Utpal Borpujari

March 1, 2009

All the clichés are reversed today : B S Prakash

If he had his way, B S Prakash would have taken to teaching and writing as a profession, his free time devoted to listening to classical music. While he does listen to classical music even now, because of ‘livelihood reasons’, he went on to clear the highest level of competitive exams and join the Indian Foreign Service (IFS) after not getting any teaching job. But then, Prakash, the son of a doctor from Shimoga and currently posted as India’s Ambassador to Brazil, has continued with his passion for writing. Proof of that lies in the just-published Clueless in California (Konark Publishers), a collection of vignettes about his experiences during his previous posting in the United States. A graduate in physics from Central College in Bangalore and an MA in philosophy from Manasa Gangotri in Mysore University, Prakash has written newspaper columns in newspapers in countries like Sri Lanka and Uganda about Indian culture, cinema and literature, apart from authoring papers that have been published in academic journals on international relations on subjects like UN reforms and conflict resolution. A keen follower of Kannada literature, Prakash has served in many countries as a diplomat. He speaks with Deccan Herald’s Utpal Borpujari about his book:

Your writing has a irreverent style but the issues taken up often are of importance in a socio-cultural or socio-political sense…

I am curious about cultural issues and about the `human condition` to use a grand phrase. I guess, I mull over some issues at any point in time, get to know more by reading or talking to people and then write, if I feel it is of potential interest to my readers.

Clueless in California is an interesting title – are you still ‘clueless’ about American way of life or now can claim to have some idea about it?

I am always clueless and interested in knowing more about how and why people acquire certain traits and how the national `character` gets formed.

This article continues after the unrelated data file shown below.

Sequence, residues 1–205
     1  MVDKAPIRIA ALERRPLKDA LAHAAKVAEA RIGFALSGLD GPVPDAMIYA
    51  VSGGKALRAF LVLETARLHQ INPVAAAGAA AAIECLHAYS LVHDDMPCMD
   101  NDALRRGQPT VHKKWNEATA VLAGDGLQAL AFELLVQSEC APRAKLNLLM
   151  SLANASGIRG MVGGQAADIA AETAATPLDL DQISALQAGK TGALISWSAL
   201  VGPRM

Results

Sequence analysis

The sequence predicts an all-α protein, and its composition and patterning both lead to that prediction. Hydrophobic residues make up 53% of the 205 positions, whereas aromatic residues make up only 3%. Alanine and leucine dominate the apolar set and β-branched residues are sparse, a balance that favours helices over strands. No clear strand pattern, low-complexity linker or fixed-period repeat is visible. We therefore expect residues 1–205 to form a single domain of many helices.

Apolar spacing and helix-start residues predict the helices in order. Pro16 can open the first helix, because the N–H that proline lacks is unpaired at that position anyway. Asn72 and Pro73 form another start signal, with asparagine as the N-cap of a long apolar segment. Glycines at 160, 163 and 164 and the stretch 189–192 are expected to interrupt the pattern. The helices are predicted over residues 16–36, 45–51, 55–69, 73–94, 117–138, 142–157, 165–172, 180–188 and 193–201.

Can you tell something about how you developed the broad contours of the book?

After finishing my term in California I reflected on all that I had been observing — some broad themes suggested themselves: the enigmatic Americans; the Indian Diaspora; my experiences in the wonderland of the Silicon Valley; my encounters with the famous and the infamous, etc. These are the broad clusters in my book.

The presentation of American vignettes – “America in bits and bytes” as you say – is it a precursor to a more substantive book on your experiences in the US?

Honestly I don’t know. At the moment, I am immersing myself in another culture in Brazil.

Why was it America that you chose to write on, when you have observed life in various other countries during your various postings? What is so unique about it?

It is true that every country provides stories. And I say this honestly, not only for diplomatic reasons. But the connections between America and India are so intense and diverse today. Also most of us have someone in the US to relate to. So, I guess there is a ready and immediate audience. Secondly, there are so many facets of interest to an Indian readership to narrate from: success stories of Indians, technology, Hollywood, Las Vegas, `the ugly American`—the themes that people can relate to are many more. Having said that, many of my stories even in this book go beyond America to my experiences in other countries.

You have written about some really interesting characters that you encountered. What incident among all your encounters in the US you found to be the most interesting?

I was once in a small university town near Montana. When one of the American students, who was also a part time worker in a call-centre kind of operation in that American town for an Airline company came to know that I am from Bangalore, she became visibly excited. I asked her why she was so taken up with Bangalore never having visited India. “I don’t know why, but when I answer calls, many of my clients ask whether I am speaking from Bangalore and what my real name was“ she replied. Here was a real White American from Montana and people think she is a Sheela or a Saroja from Bangalore. I think it is a story that epitomizes my theme that all the clichés are reversed today.

As a diplomat, you cannot write about many things even though they might be really interesting, especially incidents involving important people. Do you plan to write a fictional account, maybe a novel, on such experiences some day in the future?

I would like to write a political novel about Sri Lanka based on my experiences of that country during a difficult period. Obviously I cannot do it while serving in the IFS,, but perhaps one day…

What are your definitions of an American, and an Indian-American?

I do not go into definitions. Identities are fluid, these days, I believe.

(Published in Deccan Herald, http://www.deccanherald.com, http://www.deccanheraldepaper.com, 01-03-2009)



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